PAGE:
Market players continue to rate real estate investments as extremely attractive. That is one of the findings of KPMG Switzerland's annual Swiss Real Estate Sentiment Index. Both the overall index and the Price Expectation Index hit record highs. The assessment of economic conditions is slightly more optimistic than it was in the previous year. The increasing regulatory burden is still cause for concern in the sector. Market players also expect e-commerce growth to trigger declines in the demand for retail space.
KPMG surveyed investors and appraisers about the Swiss investment property market again this year to compile data for the Swiss Real Estate Sentiment Index (SRESI). The aggregated SRESI stands at 27.1 index points (pts.) across all participant groups, 12.3 pts. higher than the previous year and the highest score since KPMG first began compiling the index in 2012.
The respondents' assessment of the economic situation is less pessimistic (-20.9 pts.) than it was in the previous year (-45.2 pts.), however the index still remains in negative territory.
In addition to the all-time high seen in the overall index, the Price Expectation Index for all respondents has risen slightly over the previous year (29.8 pts.) to reach a new record high of 39.1 pts. In 2013 and 2014, the Price Expectation Index was still negative. This tells us that market players nevertheless consider real estate investments to be extremely attractive despite some concerns about the economic trend.
At 70.8 pts., the Price Expectation Index is clearly positive for residential properties, despite being down slightly compared to the previous year (-3.5 pts.). In this segment, 65% of those surveyed expect prices to rise. That leaves Residential as the only investment category where price forecasts are consistently positive.
The Price Expectation Index for retail property, on the other hand, has been negative ever since the first SRESI was compiled and is on a downward trend. It reached a new low of -100.6 pts. in this most recent survey (2015: -28.2 pts.). Respondents' opinions reflect declining sales figures for store-based retailing. In the remaining real estate segments, prices are expected to develop similarly to the previous year. The price index for office property was up slightly to -69.8 pts. (+14.6 pts.).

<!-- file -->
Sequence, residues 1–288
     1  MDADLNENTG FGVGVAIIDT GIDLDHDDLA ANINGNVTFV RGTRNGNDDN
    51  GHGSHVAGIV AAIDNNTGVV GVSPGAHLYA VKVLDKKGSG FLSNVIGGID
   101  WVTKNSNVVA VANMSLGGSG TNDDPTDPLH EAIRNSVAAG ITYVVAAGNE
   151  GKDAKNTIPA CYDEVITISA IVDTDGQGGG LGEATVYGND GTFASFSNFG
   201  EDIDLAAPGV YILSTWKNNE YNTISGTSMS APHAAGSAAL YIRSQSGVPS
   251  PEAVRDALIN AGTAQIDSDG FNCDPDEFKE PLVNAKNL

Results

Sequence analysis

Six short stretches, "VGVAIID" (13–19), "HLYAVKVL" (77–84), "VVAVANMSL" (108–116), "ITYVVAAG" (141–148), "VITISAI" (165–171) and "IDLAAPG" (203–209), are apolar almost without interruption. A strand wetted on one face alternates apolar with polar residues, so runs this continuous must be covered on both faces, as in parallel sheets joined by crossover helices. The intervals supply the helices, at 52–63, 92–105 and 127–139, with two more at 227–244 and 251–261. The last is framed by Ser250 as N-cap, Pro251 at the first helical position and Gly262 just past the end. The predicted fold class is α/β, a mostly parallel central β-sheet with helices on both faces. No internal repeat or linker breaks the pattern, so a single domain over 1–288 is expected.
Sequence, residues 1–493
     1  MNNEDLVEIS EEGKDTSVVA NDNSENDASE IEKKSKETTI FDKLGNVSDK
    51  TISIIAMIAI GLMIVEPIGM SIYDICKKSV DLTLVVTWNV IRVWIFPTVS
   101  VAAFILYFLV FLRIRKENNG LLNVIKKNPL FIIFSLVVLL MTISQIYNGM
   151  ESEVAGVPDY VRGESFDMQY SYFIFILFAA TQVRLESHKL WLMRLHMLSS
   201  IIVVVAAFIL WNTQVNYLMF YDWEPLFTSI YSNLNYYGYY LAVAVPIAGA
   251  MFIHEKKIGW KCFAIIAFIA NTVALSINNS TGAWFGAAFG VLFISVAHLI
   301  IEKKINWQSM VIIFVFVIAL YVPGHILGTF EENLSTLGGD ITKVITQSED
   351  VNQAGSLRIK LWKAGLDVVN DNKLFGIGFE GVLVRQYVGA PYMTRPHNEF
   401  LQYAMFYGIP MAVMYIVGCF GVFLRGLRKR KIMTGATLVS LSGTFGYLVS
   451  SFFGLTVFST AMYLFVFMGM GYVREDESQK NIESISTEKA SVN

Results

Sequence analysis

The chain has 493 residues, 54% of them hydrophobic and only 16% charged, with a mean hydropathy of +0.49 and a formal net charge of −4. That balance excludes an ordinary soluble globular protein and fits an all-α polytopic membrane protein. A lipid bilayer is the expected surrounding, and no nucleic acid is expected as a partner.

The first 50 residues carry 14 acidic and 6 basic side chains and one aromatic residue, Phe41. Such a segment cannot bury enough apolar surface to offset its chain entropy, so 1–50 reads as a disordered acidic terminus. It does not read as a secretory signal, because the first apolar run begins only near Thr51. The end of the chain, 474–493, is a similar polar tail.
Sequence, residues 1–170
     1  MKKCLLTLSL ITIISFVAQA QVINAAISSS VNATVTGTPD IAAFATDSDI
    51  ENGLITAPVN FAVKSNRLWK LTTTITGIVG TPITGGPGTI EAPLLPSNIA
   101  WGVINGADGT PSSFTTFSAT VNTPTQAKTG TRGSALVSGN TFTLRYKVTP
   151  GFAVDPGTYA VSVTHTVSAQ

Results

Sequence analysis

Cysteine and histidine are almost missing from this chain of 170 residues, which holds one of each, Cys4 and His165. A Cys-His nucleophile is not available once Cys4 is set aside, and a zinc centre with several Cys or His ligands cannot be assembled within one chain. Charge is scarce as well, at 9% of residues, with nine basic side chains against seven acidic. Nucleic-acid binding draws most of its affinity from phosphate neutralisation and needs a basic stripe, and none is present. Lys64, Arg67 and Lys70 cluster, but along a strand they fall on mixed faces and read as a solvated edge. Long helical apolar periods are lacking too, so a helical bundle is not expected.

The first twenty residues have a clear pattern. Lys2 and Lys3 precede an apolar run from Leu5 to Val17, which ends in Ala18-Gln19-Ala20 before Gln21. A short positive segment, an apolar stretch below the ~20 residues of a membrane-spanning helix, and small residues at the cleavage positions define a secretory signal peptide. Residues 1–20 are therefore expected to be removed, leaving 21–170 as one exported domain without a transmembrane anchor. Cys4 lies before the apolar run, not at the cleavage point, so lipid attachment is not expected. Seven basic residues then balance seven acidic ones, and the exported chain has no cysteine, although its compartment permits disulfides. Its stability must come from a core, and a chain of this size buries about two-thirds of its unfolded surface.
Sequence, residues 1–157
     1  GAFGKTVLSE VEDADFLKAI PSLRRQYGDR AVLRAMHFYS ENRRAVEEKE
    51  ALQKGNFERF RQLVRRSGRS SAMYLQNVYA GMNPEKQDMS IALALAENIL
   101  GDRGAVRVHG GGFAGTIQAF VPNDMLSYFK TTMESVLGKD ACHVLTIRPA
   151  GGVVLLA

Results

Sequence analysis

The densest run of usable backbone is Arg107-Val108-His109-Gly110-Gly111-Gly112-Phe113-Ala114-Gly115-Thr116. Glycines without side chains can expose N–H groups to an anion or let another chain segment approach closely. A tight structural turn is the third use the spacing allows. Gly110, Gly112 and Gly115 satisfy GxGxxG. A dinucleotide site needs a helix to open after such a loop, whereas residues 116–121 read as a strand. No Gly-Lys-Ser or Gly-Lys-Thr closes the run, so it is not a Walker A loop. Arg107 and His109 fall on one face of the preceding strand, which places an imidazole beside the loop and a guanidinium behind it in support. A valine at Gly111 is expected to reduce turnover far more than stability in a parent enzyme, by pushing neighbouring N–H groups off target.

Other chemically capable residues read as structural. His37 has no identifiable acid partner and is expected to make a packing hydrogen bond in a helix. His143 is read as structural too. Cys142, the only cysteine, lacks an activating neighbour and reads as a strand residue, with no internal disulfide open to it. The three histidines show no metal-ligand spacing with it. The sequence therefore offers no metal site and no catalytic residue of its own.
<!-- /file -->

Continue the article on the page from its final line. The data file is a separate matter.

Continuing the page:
The gap between different location qualities has narrowed somewhat compared to the previous year. Coming in at 84.0 pts., clear price increases are still expected in central locations. Peripheral locations rose by 6.4 percentage points this year after bottoming out last year. Nevertheless, the index for these locations is still clearly negative (-71.3 pts.). Respondents remain cautiously optimistic about medium-sized towns (13.7 pts.).
Increased price expectations for central locations are also reflected in the regional breakdown: as was already the case in the previous year, respondents in the economic centers (Zurich, Basel, Lucerne/Zug, Lausanne, Geneva and Bern) expect prices to rise – everywhere except Lugano and St. Gallen.
Merely 22% of those surveyed expect returns to decline as a result of Brexit. In last year's survey, the scrapping of the minimum euro exchange rate had a much bigger impact on respondents' expected returns, with nearly half of that survey's participants expecting declining or even strongly declining yields at the time.
46% of the respondents expect market risk to increase over the coming 12 months. Year-on-year there was a 12 percentage point drop in respondents' assessment of the risk situation. Measured over the past five years, the general perception of risk is nearly back to its all-time low of 2012. Only the threat of a European crisis is considered to be more acute than in the previous year. As in the past, respondents identified stricter regulations as the biggest risk; however the situation seems to have relaxed somewhat over the past two years. A major decline can be seen in the perception of interest rate risks; market players seem to have accepted the new interest rate reality and do not expect any sudden interest rate hikes.
Nearly three quarters of those surveyed expect the market share for e-commerce to increase from its current level of 10% to more than 25% by 2020. That will not only bring declining demand for retail space but also adversely impact the returns and values of retail property. Landlords of retail space will have to expect increasing vacancies and reposition these properties as a result.
Respondents of the survey also expect rising vacancies for office space: According to them, a vacancy rate of 10% for office space in metropolitan areas in 2020 will be the norm rather than any special cause for concern. A major price correction for investment property between now and 2020 is considered very unlikely: 72% of those surveyed do not expect a price correction of this nature.
The KPMG Swiss Real Estate Sentiment Index (SRESI) serves as a leading indicator for anticipated developments in the Swiss real estate investment market. The main index is generated based on assessments of economic developments and price trends in the real estate investment market. The sub-indices reflect the assessments of market players in terms of individual market and use segments. This data was first collected in 2012, and the survey is repeated every year to generate an index which permits a comparison of market assessments over time. Investors and appraisers of Swiss investment properties participate in the survey. Additional information on one topical area of focus that is currently of interest to the industry is also collected. This year, 20 theses were formulated for the Swiss real estate market in the year 2020.
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